Château de Regnéville is a ruined castle, intended to protect the important dry harbour of Regnéville-sur-Mer. The fortress was founded in the 12th century and the major remains date from the 14th century. It was then composed of an upper courtyard in the east, whose foundations were partially revealed at the time of the excavations carried out in 1991 to 1993. The large tower, of which there remain only two of the four sides, was located at the north-east of this upper courtyard. In the west, facing the harbour, the lower courtyard was originally the royal residence of Charles the Bad.
In 1336, the fiefdom of Regnéville passed into the hands of the Navarre. In 1349, Charles the Bad, king of Navarre, inherited the Norman possessions of his father, the count of Evreux. In 1364, Charles V ascended the French throne. The supproters of Charles the Bad, allied with the English, held Normandy, relying on numerous castles. Regnéville received important work to reinforce its fortifications. At the beginning of May 1378, the fortress of Regnéville was taken by French troops. After the death of Charles V in 1380, his son Charles VI returned his lands to Charles the Bad. Eveentually, Regnéville left the Navarrese inheritance to finally join the kingdom of France.
In March 1418, the Duke of Gloucester seized the castle. In 1435, the captain of the castle was Hue Spencer. He was the bailiff of Cotentin for the king of England, combining high administrative office and military command. Until 1448, he made Regnéville his residence. On 19 September 1449, the fortress was retaken from the English by the constable of Richemont.
In 1603, the fiefdom of Regnéville was sold to Isaac de Piennes, lord of Bricqueville. In 1626, King Louis XIII ordered the demolition of the fortifications of cities and castles which were not at the borders of France or considered to be important to the kingdom. The castle was rased in 1637. The keep, filled with powder, burst and split from top to bottom, along the spiral staircase. The lords of Piennes lived in the place until the 18th century. In the middle of the 19th century, Victor Bunel installed a mechanical sawmill for cutting marble in the former lower courtyard. The castle was acquired by the Conseil Général de la Manche (département council) in 1989. It was classified as a monument historique by the French Ministry of Culture in 1991. The restoration of the castle, undertaken in 1994, seeks to restore the appearance at the time of Roulland de Gourfaleur, at the end of the 16th century.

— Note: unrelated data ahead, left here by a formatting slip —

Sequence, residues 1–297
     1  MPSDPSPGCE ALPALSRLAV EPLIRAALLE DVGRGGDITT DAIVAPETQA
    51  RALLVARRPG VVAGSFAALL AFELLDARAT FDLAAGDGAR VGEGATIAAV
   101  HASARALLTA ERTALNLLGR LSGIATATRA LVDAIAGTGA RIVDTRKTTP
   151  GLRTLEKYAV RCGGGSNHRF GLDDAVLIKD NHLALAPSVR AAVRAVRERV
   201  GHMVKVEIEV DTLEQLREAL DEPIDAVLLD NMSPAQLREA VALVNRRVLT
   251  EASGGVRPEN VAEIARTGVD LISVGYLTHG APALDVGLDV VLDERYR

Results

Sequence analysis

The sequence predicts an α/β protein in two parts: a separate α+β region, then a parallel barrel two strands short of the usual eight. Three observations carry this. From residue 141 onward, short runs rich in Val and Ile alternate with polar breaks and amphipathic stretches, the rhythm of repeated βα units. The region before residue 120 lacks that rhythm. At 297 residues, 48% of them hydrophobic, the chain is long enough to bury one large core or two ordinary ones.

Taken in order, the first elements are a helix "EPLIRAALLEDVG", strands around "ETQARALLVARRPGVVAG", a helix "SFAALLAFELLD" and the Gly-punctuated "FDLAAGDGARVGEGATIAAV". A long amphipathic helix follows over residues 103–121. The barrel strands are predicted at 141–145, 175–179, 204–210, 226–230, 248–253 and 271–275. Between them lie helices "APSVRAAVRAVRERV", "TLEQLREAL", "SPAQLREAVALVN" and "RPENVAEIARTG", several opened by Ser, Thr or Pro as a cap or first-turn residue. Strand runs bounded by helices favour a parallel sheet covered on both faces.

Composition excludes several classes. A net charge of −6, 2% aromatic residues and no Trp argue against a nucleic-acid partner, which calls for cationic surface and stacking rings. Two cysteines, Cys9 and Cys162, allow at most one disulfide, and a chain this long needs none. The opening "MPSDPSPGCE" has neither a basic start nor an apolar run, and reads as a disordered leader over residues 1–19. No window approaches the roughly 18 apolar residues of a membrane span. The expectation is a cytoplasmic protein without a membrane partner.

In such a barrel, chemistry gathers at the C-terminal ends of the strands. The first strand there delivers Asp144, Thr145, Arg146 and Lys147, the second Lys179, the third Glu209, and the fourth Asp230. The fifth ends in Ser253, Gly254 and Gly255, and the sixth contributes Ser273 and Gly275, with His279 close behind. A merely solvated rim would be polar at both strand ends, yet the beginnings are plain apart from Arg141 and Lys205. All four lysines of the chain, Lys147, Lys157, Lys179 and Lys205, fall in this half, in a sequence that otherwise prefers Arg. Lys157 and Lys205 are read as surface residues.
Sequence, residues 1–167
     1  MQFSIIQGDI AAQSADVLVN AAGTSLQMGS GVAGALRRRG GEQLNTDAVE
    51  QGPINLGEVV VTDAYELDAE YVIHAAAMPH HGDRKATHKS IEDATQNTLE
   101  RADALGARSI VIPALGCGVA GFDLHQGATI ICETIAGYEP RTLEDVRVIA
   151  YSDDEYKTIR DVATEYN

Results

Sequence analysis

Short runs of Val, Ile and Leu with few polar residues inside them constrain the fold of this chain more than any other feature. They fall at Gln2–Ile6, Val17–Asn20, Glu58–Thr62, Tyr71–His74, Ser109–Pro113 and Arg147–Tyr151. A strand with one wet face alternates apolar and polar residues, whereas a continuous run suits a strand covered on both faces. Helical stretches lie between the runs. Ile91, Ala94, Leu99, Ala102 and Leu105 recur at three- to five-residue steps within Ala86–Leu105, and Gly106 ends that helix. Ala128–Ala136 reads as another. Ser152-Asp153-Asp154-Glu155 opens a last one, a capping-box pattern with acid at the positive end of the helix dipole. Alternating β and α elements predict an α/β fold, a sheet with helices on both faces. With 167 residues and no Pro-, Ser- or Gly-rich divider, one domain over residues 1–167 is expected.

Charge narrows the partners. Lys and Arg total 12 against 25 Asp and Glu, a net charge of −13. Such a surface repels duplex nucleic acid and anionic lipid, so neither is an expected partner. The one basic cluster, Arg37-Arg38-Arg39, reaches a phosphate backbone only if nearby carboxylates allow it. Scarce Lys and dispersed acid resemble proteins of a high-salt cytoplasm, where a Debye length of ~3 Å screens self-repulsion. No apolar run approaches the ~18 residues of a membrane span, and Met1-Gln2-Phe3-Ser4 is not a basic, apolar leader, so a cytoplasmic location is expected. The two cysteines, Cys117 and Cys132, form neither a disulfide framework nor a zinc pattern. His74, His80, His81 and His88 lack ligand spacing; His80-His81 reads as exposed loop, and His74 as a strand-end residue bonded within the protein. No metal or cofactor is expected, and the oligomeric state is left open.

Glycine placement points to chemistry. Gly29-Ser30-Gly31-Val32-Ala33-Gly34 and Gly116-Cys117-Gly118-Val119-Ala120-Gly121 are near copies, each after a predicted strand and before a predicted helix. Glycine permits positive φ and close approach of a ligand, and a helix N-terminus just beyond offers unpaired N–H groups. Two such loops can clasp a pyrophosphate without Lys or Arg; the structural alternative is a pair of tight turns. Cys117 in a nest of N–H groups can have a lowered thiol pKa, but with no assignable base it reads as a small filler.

In the north-eastern corner of the upper courtyard of the castle is a rectangular tower some 20 metres (~65 ft) in height, the thickness of the walls exceeding three metres. Four storeys, including three arched, were served by a spiral staircase, rebuilt in the 16th century and still visible nowadays. At the ground floor, a cellar was used to store supplies. In the 16th century, Roulland de Gourfaleur made bays in the western and southern sides of the keep. These openings led to a balcony supported by a pair of large double corbels.References:
The Erfurt Synagogue was built c. 1094. It is thought to be the oldest synagogue building still standing in Europe. Thanks to the extensive preservation of the original structure, it has a special place in the history of art and architecture and is among the most impressive and highly rated architectural monuments in Erfurt and Thuringia. The synagogue was constructed during the Middle Ages on the via regia, one of the major European trade routes, at the heart of the historical old quarter very close to the Merchants Bridge and the town hall. Many parts of the structure still remain today, including all four thick outer walls, the Romanesque gemel window, the Gothic rose window and the entrance to the synagogue room.
After extensive restoration, the building was reopened in 2009. On display in the exhibition rooms is an collection of medieval treasures discovered during archaeological excavations. This includes 3,140 silver coins, 14 silver ingots, approx. 6,000 works of goldsmithery from the 13th and 14th centuries and an intricately worked wedding ring of the period, of which only two others are known to exist anywhere in the world. A mikveh (Jewish bath) has been excavated close by (13th/14th century). The Old Synagogue, the Small Synagogue and two Jewish cemeteries together form a network of historical buildings and sites which vividly portray the role of Jewish life in the history of Erfurt.